What one decision by the school board do you most disagree with and why?
I can’t say that we, as a Board, have made a decision that I disagreed with in the last 8 years. There have been hard decisions, such as passing the levy, but since we have been able to diminish the impact on tax payers through reduction of the bond levy, this decision was acceptable. It has also been difficult, these last couple of years, laying off teachers and staff where we have needed to in order to remain fiscally responsible. However, because we successfully negotiated union contracts with minimal increases, these reductions in staff have been minimal. We also decided to freeze adding additional extra- or co-curricular programs requiring District funding. This was a difficult but necessary decision to reduce the strain on the District, and therefore, community, resources. Overall, the current Board is very thoughtful and thorough in its policy discussions. This gives me, as a Board member, the assurance that difficult decisions are approached from all angles, with a thorough look at alternatives before a vote.
What was the biggest accomplishment of the board in the past year?
Our biggest accomplishment has been and currently is providing a quality education with continuing improvement in academic standards and opportunities for our students, while remaining fiscally responsible to the community. We have accomplished this through providing continuing education and training to our teachers and support staff, maintaining appropriate class sizes for the respective developmental ages of the students as well as a properly tailored curriculum. Added to that, we have come to understand that there is a close correlation between extra- and co-curricular activity participation and high academic achievement and continue to offer a reasonable number of these opportunities for students. We have also continued to expand our career and technical study opportunities for those students not looking to attend a 4 year college or university, and many of these programs are in cooperation with MCC as well as local businesses.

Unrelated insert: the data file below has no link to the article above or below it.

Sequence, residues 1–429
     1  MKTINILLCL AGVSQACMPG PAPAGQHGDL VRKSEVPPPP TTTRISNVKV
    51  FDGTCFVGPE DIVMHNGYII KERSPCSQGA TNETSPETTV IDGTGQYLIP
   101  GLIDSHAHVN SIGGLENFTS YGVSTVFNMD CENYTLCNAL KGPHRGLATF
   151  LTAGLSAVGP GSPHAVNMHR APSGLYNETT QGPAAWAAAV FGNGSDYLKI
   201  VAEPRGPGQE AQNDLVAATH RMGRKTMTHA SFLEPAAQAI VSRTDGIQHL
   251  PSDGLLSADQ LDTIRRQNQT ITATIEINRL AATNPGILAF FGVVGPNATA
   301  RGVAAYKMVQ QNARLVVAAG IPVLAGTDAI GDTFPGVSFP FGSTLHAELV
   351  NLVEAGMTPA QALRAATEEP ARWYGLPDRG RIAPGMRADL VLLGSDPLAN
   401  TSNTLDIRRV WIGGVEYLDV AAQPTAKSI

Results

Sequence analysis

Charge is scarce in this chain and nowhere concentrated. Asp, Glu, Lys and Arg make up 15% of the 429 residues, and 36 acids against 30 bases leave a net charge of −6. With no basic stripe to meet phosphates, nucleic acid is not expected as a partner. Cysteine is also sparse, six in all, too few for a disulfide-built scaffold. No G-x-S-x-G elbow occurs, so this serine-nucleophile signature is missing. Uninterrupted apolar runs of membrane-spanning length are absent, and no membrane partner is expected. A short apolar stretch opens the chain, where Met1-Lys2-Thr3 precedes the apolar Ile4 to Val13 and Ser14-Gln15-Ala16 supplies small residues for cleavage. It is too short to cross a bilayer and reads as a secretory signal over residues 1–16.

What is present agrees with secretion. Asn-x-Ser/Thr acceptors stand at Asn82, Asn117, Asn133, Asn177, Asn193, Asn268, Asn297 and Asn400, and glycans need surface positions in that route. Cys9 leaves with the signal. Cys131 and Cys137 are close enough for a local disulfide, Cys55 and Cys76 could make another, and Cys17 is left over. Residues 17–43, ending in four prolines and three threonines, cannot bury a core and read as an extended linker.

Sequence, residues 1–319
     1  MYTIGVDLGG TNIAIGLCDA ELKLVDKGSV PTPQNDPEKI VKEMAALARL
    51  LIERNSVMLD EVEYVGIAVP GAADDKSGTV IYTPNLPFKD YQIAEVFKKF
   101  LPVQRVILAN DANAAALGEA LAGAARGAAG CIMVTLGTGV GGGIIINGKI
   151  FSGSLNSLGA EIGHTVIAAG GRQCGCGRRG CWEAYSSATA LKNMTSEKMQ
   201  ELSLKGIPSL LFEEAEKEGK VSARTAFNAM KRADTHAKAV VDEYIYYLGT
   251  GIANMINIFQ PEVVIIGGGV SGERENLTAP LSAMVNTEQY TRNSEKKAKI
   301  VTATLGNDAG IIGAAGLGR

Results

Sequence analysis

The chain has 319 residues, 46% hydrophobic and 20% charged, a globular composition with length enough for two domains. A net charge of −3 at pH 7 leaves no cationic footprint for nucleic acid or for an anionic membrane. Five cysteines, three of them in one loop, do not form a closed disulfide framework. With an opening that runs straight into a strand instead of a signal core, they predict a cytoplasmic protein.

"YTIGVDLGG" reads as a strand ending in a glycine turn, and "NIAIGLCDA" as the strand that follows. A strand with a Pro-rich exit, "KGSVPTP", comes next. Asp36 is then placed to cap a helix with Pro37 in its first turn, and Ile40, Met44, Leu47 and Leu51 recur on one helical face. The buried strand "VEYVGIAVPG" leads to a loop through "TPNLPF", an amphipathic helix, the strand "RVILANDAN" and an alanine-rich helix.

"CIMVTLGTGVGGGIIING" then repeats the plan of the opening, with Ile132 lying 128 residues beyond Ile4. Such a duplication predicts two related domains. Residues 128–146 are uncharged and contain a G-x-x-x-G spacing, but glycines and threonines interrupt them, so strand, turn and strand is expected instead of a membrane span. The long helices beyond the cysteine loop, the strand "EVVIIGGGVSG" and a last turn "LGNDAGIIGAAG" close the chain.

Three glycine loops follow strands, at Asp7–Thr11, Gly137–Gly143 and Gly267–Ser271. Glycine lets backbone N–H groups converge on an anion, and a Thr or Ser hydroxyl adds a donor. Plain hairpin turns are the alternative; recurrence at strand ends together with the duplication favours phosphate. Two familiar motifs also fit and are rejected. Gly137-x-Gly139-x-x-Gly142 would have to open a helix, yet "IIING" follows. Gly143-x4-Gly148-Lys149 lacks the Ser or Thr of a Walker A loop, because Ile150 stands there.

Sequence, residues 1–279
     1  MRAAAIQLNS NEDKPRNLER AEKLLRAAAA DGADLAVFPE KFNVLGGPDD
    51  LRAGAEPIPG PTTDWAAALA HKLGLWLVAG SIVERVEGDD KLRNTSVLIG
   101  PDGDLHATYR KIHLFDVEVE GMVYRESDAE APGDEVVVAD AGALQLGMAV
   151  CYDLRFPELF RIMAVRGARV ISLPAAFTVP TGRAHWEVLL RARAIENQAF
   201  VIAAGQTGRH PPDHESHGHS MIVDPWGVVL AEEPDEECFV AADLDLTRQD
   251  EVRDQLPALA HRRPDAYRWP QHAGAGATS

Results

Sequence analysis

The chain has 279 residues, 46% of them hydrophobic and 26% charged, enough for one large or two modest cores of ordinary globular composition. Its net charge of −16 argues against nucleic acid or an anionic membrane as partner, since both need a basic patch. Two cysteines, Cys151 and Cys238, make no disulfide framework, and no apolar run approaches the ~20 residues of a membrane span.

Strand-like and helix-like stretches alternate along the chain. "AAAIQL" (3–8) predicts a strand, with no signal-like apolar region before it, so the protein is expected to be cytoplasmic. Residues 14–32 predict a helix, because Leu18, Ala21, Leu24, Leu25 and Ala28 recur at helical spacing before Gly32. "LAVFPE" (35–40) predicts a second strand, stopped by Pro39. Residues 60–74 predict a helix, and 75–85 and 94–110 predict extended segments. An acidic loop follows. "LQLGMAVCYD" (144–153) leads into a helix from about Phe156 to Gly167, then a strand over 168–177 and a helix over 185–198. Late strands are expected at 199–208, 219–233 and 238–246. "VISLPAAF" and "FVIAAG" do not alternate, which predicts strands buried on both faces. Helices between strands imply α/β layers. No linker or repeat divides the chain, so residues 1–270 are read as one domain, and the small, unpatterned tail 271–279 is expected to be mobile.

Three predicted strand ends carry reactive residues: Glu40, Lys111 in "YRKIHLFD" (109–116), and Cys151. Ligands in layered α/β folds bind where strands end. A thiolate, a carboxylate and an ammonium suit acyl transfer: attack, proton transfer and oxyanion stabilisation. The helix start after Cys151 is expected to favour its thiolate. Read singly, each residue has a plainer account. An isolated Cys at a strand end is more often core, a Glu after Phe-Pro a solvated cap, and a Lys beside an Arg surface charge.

Why should voters elect you to office?
I am well known in the community as a parent and as a businesswoman. I have been on the School Board for 8 years, during which time the community has learned that I will listen to their wants, needs and hardships, and will consider their point of view in any decision making. I have done quality work with this School Board, and the voters can be assured that I will continue to do so.
Goodwin's Current Race
- League of Women Voters meets at Home State Bank in Crystal Lake
- McHenry County Recorder Phyllis Walters announces retirement, endorses office supervisor
- GOP primary to replace Rep. Mike Tryon getting crowded
- McHenry County Circuit Clerk Katherine Keefe announces re-election bid
- Illinois State Rep. Mike Tryon will not seek re-election in 2016